Sen. Mike Lee (R-Utah) and congressional colleagues are hailing a recent reversal of IRS policy as a victory for religious freedom.
WASHINGTON, D.C. – After a sharp rebuke from Utah Sen. Mike Lee and congressional colleagues, the Internal Revenue Service (IRS) has reversed a controversial decision that threatened religious freedom.
That criticism came in the form of a June 25 letter to IRS Commissioner Charles P. Rettig that accused his agency of allowing political biases to impact its decision-making. That letter was signed by Lee and 14 other members of Congress.
“I am glad to see that, after receiving our letter, the IRS reversed course on what would have been a dangerous and discriminatory decision,” Lee said after being informed of the IRS concession. “Religious groups must be free to teach their beliefs without fear of government retaliation.”
At the center of the controversy was a non-profit organization called Christians Engaged that was incorporated in Texas in 2019. The group professes to “awaken, motivate, educate and empower ordinary believers in Jesus Christ … through weekly prayer time, church engagement, voter registration drives and various educational activities.”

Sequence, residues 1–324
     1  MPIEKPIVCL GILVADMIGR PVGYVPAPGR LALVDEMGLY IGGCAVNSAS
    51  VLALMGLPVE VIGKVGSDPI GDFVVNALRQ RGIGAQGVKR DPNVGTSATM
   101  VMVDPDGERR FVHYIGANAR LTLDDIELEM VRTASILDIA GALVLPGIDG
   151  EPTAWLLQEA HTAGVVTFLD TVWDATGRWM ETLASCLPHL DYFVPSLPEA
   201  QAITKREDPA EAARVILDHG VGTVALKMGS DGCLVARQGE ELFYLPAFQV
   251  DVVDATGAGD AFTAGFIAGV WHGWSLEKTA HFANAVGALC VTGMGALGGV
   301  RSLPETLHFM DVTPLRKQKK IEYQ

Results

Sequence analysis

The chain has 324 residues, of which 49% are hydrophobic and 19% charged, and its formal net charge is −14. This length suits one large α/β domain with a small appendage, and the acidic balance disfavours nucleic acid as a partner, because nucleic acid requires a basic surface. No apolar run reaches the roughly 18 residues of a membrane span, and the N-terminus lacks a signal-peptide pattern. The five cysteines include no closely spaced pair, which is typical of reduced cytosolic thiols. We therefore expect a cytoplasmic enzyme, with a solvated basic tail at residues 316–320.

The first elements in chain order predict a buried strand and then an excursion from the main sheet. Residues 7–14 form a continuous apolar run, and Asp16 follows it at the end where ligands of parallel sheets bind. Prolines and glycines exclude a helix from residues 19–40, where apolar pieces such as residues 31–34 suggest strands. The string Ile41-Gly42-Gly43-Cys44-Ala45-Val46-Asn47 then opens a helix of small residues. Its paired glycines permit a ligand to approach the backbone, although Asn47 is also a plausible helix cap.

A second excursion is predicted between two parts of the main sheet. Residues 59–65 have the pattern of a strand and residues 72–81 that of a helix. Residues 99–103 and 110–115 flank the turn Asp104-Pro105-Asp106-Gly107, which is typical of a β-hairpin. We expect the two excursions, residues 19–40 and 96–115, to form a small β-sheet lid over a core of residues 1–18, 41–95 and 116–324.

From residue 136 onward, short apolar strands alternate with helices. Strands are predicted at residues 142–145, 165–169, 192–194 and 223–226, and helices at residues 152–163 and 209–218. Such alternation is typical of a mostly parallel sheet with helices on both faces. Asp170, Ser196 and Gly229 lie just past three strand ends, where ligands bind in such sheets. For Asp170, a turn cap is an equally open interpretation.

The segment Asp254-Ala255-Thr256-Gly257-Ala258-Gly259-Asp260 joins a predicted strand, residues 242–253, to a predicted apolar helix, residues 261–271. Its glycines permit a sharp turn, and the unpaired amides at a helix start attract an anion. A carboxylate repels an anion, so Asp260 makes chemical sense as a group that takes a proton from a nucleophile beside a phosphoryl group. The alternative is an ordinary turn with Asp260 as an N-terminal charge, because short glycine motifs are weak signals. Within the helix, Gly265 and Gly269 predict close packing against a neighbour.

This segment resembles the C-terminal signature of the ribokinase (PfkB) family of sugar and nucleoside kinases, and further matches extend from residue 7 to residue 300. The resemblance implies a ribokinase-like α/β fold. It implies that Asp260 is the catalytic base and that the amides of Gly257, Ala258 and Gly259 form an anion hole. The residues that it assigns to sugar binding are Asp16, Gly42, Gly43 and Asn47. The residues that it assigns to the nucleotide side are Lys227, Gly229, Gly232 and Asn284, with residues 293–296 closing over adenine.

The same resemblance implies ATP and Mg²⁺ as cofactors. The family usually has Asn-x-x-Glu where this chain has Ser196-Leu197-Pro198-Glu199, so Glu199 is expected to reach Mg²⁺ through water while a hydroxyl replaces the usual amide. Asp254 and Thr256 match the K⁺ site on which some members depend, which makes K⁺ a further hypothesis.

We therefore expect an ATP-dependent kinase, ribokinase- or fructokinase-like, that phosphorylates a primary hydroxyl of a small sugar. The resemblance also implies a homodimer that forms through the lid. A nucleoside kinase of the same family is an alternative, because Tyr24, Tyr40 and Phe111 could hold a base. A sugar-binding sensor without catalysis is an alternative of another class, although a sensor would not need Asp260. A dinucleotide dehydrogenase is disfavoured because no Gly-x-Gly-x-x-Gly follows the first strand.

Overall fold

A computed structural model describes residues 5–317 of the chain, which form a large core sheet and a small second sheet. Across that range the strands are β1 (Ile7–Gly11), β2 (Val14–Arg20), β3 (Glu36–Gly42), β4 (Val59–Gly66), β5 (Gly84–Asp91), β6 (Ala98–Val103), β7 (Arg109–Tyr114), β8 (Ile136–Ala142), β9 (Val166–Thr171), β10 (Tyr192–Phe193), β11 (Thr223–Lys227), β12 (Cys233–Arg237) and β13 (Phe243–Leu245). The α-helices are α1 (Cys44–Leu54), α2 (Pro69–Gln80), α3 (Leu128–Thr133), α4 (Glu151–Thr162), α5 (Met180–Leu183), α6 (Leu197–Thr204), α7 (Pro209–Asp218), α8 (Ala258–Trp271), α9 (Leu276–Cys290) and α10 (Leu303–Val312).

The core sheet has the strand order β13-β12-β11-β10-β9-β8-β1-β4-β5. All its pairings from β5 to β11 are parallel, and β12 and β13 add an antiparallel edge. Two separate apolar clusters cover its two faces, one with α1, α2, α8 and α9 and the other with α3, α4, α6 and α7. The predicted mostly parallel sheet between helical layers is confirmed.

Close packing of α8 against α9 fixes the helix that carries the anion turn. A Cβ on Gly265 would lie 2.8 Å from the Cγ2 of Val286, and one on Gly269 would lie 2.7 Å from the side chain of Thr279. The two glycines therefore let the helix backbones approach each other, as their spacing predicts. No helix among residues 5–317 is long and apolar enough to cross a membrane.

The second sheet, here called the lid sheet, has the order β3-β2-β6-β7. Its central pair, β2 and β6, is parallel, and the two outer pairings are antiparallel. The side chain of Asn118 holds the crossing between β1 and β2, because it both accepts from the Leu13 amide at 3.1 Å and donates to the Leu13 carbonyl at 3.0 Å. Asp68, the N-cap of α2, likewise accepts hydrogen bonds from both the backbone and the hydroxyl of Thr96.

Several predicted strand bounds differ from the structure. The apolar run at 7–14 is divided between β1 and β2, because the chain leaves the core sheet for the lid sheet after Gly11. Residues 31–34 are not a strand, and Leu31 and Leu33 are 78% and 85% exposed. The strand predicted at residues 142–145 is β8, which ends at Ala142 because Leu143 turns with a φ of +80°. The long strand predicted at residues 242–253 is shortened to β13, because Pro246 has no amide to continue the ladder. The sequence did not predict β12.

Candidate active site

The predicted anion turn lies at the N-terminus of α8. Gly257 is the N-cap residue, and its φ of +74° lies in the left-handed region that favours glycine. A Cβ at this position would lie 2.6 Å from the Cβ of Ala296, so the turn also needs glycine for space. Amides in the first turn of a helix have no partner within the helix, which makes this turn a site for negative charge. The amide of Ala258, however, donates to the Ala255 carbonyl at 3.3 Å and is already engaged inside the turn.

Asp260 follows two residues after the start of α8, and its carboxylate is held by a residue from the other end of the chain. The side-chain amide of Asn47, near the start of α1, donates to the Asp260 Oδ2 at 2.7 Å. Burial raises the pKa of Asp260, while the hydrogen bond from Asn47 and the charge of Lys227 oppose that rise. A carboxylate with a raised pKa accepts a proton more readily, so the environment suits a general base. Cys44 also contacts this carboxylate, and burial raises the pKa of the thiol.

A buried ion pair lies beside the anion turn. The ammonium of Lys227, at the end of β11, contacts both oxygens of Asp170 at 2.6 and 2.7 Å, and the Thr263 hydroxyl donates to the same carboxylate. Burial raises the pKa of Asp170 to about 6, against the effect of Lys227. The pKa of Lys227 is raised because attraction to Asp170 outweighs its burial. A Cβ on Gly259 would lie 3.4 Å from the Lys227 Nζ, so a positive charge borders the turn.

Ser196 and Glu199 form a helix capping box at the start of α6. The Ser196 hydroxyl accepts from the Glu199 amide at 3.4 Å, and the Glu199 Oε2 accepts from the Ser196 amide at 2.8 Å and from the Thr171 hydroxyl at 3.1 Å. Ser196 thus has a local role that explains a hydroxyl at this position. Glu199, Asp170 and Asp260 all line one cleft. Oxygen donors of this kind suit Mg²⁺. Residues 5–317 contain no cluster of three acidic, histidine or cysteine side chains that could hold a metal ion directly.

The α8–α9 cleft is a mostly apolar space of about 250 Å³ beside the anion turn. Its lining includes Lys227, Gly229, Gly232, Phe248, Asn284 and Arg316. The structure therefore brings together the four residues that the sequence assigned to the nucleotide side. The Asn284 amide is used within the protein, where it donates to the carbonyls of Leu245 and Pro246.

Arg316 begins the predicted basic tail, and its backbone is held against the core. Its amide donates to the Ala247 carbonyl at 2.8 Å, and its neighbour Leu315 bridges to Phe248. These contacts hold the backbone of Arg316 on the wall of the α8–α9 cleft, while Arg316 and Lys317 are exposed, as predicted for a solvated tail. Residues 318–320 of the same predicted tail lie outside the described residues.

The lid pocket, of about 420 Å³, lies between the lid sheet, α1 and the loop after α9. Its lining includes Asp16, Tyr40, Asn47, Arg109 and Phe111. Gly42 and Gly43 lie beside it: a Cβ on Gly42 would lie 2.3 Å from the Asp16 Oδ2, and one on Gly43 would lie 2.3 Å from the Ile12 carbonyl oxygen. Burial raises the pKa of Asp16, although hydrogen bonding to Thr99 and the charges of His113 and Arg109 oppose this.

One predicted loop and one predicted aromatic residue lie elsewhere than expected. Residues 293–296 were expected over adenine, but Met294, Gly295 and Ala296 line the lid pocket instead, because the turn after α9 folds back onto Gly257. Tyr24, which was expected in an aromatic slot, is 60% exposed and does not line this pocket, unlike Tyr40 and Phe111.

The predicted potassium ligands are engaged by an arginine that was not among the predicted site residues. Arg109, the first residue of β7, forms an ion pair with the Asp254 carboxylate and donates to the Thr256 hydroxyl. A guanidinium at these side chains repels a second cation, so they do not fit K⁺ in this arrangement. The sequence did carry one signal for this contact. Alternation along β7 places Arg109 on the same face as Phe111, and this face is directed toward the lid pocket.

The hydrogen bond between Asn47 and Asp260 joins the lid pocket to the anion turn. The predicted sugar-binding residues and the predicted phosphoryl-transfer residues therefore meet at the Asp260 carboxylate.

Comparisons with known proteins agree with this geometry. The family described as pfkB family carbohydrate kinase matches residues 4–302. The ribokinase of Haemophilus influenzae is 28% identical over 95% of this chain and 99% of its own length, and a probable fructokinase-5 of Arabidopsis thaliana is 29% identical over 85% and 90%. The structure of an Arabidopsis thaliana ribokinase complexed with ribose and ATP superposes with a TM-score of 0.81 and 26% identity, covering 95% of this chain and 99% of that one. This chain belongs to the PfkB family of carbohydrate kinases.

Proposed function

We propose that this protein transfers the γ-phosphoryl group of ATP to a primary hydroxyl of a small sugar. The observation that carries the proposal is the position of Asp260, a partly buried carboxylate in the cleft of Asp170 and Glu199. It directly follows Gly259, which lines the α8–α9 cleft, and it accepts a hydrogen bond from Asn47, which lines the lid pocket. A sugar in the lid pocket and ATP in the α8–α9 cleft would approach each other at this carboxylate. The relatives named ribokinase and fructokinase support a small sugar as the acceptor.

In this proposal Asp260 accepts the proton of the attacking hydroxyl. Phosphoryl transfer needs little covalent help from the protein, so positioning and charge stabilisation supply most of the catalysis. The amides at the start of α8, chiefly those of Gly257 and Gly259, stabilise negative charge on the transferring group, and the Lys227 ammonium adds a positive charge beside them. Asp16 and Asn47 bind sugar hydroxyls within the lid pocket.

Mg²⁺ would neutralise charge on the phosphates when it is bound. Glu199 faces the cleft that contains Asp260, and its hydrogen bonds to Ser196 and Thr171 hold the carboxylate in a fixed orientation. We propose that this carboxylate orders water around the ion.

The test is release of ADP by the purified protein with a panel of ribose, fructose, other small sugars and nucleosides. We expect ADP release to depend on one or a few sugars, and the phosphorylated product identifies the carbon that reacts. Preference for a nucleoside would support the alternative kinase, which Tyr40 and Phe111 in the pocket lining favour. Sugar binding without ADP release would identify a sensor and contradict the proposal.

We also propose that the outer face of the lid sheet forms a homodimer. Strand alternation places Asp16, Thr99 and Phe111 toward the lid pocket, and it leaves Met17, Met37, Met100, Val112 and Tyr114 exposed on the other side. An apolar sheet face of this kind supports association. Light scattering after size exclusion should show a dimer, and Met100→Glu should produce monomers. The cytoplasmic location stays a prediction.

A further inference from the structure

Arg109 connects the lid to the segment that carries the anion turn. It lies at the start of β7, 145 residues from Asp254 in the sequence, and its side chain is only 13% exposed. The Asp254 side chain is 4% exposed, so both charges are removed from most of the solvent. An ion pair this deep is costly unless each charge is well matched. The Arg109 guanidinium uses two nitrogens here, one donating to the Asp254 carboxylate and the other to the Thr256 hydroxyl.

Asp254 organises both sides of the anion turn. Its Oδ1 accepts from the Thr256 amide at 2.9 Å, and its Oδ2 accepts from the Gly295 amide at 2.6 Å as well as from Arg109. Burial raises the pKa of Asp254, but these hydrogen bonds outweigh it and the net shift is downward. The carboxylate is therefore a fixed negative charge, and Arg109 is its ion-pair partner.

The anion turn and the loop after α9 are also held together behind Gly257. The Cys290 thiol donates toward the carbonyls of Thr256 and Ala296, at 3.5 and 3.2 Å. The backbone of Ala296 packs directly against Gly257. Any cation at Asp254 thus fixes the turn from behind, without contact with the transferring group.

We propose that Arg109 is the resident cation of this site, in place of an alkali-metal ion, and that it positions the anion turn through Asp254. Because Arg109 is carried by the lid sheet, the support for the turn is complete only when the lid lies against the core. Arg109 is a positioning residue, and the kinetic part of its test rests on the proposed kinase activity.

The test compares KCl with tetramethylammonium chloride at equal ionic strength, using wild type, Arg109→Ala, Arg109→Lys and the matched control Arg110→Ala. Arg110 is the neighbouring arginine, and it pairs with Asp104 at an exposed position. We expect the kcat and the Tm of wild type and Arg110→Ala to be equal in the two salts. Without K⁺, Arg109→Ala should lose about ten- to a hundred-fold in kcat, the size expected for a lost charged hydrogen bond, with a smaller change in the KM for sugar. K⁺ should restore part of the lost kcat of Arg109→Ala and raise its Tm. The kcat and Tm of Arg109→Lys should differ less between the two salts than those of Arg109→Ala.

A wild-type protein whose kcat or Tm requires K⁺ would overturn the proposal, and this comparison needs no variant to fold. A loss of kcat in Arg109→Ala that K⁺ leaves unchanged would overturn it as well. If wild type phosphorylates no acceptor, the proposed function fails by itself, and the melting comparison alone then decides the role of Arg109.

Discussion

While Christians Engaged has declared itself to be non-partisan, IRS director of Exempt Organizations Stephen Martin ruled in May that the organization does not quality for tax exempt status because its “ … bible teachings are typically affiliated with the (Republican) party and candidates.”
Martin also alleged that members of Christians Engaged were participating in “prohibited political campaign intervention” because their views on the “sanctity of life, the definition of marriage and biblical justice” were often “associated with political party platforms.”
The congressmen responded by criticizing Martin’s ruling that core Christian beliefs were inherently political as “patently absurd.”
“If the IRS applied this interpretation broadly,” they countered, “it would jeopardize the tax exempt status of thousands of Christian churches across the country.”
Their June 25 letter also pointed out that President Joe Biden drew heavily on the support of many church leaders, primarily in the South, during the 2020 presidential campaign.
The June 25 letter to Rittig demanded that the IRS director personally reconsider the tax exempt status of Christians Engaged and discipline IRS staff members involved in the previous “flawed and politically motivated” ruling.
“Religious prejudice should never be tolerated, especially from our federal institutions,” according to Utah Rep. Burgess Owens (R-4th District), who was among the signatories of the June 25 letter. “I’m glad to see that this biased determination was reviewed and corrected.”
In addition to Lee and Owens, the members of Congress who signed the June 25 letter to Rittig included senators Ted Cruz (R-TX) and Marco Rubio (R-FL) as well as representatives Chip Roy (R-TX), Jeff Duncan (R-SC), Louis Gohmert (R-TX), Daniel Webster (R-FL), Doug Lamborn (R-CO), Dan Bishop (R-NC), Yvette Herrell (R-NM), Ted Budd (R-NC), Andy Biggs (R-AZ), Lauren Boebert (R-CO) and Bob Good (R-VA).